TM: Writing is really therapeutic for me, and it was actually my friend who had inspired me, she said “you just need to write about it.” I didn’t even write about it to post it to my blog, I wrote about it for me, and when I was done I sent it to my mentor. I was like “I think this is a pretty interesting thing that I just did. Do you want to read it?” And my mentor said “You gotta post that, you gotta post it.” I did and I shared it and now it’s become this!

“I didn’t even write about it to post it to my blog, I wrote about it for me.”

SV: So how long was it until the reaction came about?

TM: The first day before I fell asleep it hit 70 shares I want to say, and when I woke up the next morning, I realized overnight was when it started to hit the thousands. I really wish I knew the one person who shared it and made this blow up but I’m not sure I could go through my shares. Once Buzzfeed picked it up that’s kind of what pushed to this point.

SV: Because you were on the trending level on Buzzfeed – 

TM: Ay Caramba, so it’s so funny I was in the top three and number one was “These Women Tried To Orgasm In Three Minutes,” and I was like obviously I’m not going to beat that one, obviously that one is going to be trending forever [laughs], so not number one but it made sense.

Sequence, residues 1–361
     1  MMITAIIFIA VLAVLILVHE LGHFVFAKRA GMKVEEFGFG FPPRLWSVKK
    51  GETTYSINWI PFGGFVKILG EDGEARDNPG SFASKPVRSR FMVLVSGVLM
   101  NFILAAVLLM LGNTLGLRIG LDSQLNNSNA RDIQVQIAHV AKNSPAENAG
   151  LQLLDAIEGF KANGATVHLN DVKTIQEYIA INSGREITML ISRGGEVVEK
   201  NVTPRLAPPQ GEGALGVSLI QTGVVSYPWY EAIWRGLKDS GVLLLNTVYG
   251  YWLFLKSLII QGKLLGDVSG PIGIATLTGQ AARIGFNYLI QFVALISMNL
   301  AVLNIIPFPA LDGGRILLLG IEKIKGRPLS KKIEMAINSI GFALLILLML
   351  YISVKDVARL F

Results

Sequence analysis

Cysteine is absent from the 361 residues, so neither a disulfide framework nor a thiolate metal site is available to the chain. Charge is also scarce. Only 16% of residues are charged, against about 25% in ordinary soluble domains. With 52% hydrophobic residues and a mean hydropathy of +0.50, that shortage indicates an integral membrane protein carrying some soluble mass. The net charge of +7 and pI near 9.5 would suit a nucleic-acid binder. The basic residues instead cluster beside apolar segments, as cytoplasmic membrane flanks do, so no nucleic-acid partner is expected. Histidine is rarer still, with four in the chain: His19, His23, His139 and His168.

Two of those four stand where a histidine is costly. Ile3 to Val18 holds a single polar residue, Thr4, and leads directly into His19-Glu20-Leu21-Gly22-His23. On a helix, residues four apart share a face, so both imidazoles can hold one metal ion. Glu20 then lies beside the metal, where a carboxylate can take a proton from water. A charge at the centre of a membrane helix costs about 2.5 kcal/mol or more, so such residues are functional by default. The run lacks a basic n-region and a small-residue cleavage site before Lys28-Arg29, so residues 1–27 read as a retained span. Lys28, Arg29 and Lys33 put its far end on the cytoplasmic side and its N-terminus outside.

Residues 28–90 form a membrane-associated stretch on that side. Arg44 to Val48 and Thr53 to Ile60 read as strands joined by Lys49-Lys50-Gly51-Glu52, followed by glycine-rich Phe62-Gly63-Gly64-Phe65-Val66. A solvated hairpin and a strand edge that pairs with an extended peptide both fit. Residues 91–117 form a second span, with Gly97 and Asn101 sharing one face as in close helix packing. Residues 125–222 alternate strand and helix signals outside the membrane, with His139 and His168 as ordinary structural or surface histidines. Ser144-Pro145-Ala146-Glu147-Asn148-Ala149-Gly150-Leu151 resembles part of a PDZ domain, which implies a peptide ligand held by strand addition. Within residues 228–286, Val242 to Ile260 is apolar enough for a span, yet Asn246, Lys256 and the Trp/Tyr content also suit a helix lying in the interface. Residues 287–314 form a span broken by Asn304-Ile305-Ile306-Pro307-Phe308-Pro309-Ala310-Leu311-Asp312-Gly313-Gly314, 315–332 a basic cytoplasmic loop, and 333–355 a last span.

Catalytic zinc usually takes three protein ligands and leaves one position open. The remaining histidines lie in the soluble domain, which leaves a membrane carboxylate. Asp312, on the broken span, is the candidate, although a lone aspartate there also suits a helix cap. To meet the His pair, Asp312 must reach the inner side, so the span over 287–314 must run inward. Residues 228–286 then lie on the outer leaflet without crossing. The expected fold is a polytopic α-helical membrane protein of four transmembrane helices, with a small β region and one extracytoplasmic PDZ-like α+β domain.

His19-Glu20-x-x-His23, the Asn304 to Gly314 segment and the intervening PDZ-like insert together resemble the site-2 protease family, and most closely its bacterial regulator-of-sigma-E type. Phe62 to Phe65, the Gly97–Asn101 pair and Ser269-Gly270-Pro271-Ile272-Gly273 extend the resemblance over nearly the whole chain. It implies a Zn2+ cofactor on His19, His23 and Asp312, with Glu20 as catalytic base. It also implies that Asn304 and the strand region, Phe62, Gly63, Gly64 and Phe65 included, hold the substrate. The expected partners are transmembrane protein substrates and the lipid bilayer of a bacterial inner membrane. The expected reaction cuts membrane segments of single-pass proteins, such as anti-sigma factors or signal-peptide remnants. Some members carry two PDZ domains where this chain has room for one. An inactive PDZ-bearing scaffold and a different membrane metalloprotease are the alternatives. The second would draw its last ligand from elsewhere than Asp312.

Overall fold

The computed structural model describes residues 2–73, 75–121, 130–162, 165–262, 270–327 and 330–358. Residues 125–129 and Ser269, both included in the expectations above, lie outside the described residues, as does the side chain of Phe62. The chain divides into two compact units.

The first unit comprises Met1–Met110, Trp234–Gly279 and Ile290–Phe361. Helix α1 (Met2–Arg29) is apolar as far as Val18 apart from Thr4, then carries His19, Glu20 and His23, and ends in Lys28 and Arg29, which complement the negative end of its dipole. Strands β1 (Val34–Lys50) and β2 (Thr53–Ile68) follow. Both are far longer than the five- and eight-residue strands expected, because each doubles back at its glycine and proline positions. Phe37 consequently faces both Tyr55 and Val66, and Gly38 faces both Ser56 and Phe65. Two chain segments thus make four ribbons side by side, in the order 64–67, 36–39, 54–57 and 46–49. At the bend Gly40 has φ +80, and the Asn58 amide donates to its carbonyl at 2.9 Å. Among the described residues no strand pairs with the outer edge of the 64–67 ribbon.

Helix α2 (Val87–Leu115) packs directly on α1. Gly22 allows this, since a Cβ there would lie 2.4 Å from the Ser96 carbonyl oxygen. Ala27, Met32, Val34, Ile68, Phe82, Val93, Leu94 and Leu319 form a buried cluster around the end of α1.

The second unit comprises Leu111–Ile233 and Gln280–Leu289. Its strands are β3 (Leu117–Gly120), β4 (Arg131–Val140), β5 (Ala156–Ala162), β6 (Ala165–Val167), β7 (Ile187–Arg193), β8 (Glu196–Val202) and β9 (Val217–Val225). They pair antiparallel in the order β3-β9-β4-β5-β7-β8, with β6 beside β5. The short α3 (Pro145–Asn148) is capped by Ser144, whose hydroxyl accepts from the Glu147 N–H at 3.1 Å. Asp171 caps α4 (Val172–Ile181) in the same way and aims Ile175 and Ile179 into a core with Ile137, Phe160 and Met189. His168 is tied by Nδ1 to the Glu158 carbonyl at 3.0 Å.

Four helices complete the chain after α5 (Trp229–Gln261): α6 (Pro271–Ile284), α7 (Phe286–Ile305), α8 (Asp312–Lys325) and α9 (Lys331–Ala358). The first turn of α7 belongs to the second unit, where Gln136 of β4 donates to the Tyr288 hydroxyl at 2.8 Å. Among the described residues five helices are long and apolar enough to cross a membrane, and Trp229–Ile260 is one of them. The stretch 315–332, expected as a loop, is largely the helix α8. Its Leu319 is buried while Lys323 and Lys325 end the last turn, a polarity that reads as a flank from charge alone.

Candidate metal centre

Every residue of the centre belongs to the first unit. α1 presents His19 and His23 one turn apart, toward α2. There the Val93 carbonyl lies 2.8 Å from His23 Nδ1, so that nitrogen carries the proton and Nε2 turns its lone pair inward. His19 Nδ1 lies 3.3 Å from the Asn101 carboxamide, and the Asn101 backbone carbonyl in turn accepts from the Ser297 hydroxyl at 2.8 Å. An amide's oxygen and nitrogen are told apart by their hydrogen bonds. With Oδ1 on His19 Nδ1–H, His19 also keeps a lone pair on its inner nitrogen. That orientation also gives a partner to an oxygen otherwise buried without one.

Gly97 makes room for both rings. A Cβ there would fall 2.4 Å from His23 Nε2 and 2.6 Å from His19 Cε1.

SV: What has been the most memorable experience this past week?

TM: [Mariana Goycoechea] wrote an article called “Querida Tiffany Martínez: To You From the Love of Thousands”. My god, that was absolutely the most memorable. Reading that, it moved me in a way that I had never been moved before. I really felt, and I think she even wrote it in there that there are thousands of women behind [me] and thousands by my side. That was like solidarity in it’s finest of her just supporting me, because that was also the same time when people were sending me hate mail, and posting hateful comments. Some people even found my phone number and were trying to call me. I have hundreds of messages and a third of them are hate mail. It was just a lot so reading that was really the empowering moment for me to remind myself that I need to keep going. She is a beautiful writer.

“[Goycoechea] even wrote it in there that there are thousands of women behind [me] and thousands by my side. That was like solidarity in it’s finest.”

SV: Also I noticed you have straightened your hair, does that have any correlation to what has happened?

TM: I’m taking my senior pictures and you know how you to have to wear the graduation caps? I didn’t think the cap would fit on my curly hair [laughs]. That’s why I straightened it. In my head I was thinking maybe people won’t notice me now and I was kind of excited about that, but no, it was just for a senior portrait. I wish I had a cooler story.

SV: Moving forward, do you have any plans now? Has this changed anything for your future?